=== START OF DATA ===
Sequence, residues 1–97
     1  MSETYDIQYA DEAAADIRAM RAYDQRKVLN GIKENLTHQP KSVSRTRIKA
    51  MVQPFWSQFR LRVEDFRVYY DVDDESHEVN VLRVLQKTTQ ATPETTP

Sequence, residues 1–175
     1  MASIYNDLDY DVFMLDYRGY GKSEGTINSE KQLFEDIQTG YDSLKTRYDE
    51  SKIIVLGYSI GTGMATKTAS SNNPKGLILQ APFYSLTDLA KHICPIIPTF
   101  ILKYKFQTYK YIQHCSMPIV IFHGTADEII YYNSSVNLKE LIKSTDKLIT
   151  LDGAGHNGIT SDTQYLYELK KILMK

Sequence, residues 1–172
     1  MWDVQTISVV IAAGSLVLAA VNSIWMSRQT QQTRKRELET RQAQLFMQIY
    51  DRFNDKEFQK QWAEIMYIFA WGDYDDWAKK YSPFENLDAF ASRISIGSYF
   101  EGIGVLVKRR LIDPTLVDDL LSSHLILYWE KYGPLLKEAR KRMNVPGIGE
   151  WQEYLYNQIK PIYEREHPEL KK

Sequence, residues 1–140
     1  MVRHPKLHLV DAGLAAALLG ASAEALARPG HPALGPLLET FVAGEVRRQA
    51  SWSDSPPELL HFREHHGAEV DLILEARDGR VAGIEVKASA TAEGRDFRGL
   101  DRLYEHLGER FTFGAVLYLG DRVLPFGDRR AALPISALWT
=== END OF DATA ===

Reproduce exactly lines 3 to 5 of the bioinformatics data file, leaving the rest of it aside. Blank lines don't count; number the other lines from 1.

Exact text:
    51  MVQPFWSQFR LRVEDFRVYY DVDDESHEVN VLRVLQKTTQ ATPETTP

Sequence, residues 1–175
     1  MASIYNDLDY DVFMLDYRGY GKSEGTINSE KQLFEDIQTG YDSLKTRYDE